Maungo Craft is a solution-oriented company which upcycles indigenous fruits (orphan crops), that would otherwise be wasted, to produce jams, sauces and syrups. Maungo Craft creates new value chains between farmers, cosmetic processors and communities, to develop a climate change adaptive circular economy. The company works with local farmers to supply vegetable and with natural cosmetic oil processors to process morula, thus promoting the growth of two industries at the same time.
The company started in 2017 and already won 13 local, regional and international.

Pierre Damien Mbatezimana, Founder & Managing Director, SHEKINA Enterprise, Rwanda
SHEKINA Enterprise is a food processing company which produces dried cassava leaves with a shelf life of two years and instant mixtures used to cook cassava leaves with fish or beef flavour. It also produces flour from cassava and other crops, such as maize, millet, peanut, roasted soybeans, etc. Most of the products are exported internationally (USA, Canada, Belgium, Sweden and the UK), the rest being sold on the domestic and regional (Uganda, Congo, Burundi, Kenya, Tanzania) markets.
The company developed and uses an innovative drying technology to secure the nutritive value of cassava leaves while avoiding their wastage due to their high perishability (as leaves have a high water content). This value-addition eases the commercialisation and transport of the products.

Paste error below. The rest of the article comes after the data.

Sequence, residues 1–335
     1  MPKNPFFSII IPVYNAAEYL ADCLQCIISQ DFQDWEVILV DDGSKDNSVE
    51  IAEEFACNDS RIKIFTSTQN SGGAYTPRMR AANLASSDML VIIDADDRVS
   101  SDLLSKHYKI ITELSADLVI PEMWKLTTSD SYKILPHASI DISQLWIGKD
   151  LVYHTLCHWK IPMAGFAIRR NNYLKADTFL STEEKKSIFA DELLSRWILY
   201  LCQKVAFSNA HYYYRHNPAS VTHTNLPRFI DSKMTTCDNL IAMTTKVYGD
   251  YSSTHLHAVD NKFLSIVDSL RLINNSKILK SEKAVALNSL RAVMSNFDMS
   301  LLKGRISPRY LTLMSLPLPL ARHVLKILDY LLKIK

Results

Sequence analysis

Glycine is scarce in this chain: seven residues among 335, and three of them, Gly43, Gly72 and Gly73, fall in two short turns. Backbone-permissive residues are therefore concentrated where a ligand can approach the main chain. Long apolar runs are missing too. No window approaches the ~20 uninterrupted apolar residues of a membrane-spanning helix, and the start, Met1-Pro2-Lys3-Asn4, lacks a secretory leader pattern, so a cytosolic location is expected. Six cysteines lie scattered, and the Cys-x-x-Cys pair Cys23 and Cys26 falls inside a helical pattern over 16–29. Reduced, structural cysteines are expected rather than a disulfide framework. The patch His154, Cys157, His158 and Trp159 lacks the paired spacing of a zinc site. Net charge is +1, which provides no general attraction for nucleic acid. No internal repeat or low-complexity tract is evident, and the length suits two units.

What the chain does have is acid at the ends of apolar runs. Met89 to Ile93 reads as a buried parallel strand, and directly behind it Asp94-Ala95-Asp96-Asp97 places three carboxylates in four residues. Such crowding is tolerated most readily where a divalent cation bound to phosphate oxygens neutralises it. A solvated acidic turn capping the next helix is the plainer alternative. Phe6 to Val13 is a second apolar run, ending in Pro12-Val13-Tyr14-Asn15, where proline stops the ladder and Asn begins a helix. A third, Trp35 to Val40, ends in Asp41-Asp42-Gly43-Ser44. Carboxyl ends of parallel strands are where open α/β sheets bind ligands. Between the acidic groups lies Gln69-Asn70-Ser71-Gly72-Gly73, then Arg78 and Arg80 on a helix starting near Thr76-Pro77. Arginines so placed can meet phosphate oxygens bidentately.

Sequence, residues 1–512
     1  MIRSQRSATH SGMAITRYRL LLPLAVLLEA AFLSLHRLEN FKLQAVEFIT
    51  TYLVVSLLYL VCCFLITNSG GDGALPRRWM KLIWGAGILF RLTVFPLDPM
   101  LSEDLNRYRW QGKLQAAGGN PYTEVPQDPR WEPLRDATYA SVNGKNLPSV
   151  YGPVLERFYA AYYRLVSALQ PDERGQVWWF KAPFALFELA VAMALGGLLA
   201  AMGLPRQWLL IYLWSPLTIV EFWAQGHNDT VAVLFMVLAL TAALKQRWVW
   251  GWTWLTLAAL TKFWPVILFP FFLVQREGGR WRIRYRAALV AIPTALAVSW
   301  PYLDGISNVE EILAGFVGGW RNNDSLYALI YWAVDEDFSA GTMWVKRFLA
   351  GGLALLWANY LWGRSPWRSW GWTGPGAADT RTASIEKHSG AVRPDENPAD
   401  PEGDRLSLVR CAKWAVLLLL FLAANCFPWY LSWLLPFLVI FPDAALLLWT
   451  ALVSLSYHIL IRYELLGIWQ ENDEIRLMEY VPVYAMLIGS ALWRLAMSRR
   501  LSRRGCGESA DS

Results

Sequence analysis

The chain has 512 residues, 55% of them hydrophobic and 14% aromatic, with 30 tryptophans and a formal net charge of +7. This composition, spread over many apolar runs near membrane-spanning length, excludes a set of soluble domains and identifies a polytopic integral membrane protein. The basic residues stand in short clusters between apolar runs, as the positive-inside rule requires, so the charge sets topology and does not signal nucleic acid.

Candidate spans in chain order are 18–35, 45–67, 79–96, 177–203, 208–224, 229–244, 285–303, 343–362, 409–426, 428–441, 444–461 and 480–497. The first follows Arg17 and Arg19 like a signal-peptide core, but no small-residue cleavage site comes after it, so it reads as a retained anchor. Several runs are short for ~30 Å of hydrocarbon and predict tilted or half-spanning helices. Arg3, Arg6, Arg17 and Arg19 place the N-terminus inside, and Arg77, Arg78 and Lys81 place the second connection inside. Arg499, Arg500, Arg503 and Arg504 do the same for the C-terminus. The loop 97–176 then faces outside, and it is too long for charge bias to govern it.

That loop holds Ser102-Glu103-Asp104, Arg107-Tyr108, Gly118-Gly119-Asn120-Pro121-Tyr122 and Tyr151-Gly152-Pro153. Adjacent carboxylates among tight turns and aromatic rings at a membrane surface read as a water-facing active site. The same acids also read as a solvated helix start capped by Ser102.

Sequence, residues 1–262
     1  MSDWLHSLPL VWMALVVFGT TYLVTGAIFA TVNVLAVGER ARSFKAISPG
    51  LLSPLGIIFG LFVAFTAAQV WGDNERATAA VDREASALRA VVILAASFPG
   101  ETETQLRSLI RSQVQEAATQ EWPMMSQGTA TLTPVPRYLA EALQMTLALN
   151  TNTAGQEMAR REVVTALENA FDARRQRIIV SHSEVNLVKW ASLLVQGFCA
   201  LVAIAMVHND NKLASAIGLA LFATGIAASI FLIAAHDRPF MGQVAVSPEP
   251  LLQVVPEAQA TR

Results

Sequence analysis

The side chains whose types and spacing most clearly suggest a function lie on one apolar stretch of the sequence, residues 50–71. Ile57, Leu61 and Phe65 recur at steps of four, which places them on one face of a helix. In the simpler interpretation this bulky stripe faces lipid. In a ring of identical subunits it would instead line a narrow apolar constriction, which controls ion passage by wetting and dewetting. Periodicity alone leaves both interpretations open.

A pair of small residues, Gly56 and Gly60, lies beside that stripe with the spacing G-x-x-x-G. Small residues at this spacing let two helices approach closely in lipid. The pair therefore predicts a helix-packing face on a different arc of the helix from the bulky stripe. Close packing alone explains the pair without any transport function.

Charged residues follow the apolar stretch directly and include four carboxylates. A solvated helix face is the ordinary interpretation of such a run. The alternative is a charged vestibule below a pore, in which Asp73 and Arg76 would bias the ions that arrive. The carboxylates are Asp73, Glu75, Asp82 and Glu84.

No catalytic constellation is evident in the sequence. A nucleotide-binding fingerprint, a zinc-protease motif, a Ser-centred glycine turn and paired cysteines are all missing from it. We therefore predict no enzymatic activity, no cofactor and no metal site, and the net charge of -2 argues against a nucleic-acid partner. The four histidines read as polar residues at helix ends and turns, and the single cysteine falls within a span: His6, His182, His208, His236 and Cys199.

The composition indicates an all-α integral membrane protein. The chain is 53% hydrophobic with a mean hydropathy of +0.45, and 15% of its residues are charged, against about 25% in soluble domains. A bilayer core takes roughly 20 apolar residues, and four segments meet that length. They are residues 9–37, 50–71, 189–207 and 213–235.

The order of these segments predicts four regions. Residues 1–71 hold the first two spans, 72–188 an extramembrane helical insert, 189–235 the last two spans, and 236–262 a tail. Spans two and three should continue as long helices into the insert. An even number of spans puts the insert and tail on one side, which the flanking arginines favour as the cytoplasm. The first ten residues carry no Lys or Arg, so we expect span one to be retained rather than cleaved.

Rachel Renie, Co-Founder & Managing Director, D’Market Movers, Trinidad & Tobago
D’Market Movers is an online distribution company established in 2009 specialised in the delivery of fresh produce throughout Trinidad & Tobago. D’Market Movers works closely with a network of about 250 farmers/artisans who supply various types of fresh produce and tries to create new opportunities for its local agripreneurs. Through its online sale platform, D’Market Movers can identify trends in consumption and demand to advice its suppliers about the fruit and vegetable which are highly demanded and the customers’ expectations, enabling farmers to grow produce which meet the market demand and requirements.
During the COVID-19 pandemic, the online shop has enabled customers to be supplied with fresh food while ensuring their security as they could stay at home. D’Market Movers recently launched a click and collect store to meet the customers’ demand to go in store and be able to interact with staff, adapting the experience to the current health measures in place.

1 United Nations Environment Programme (2021). Food Waste Index Report 2021. Nairobi.
2 FAO. 2019. The State of Food and Agriculture 2019. Moving forward on food loss and waste reduction. Rome.
3 FAO. International Day of Awareness of Food Loss and Waste. 2020.
4 FAO, ECA and AUC. 2021. Africa regional overview of food security and nutrition, 2020: Transforming food systems for affordable healthy diets. Accra, FAO.
5 FSIN and Global Network Against Food Crises. 2022.
6 WWF-UK (2021) Driven to waste: The Global Impact of Food Loss and Waste on Farms. Woking.

Source cover images : Food Waste Index Report 2021, UNEP. 2021.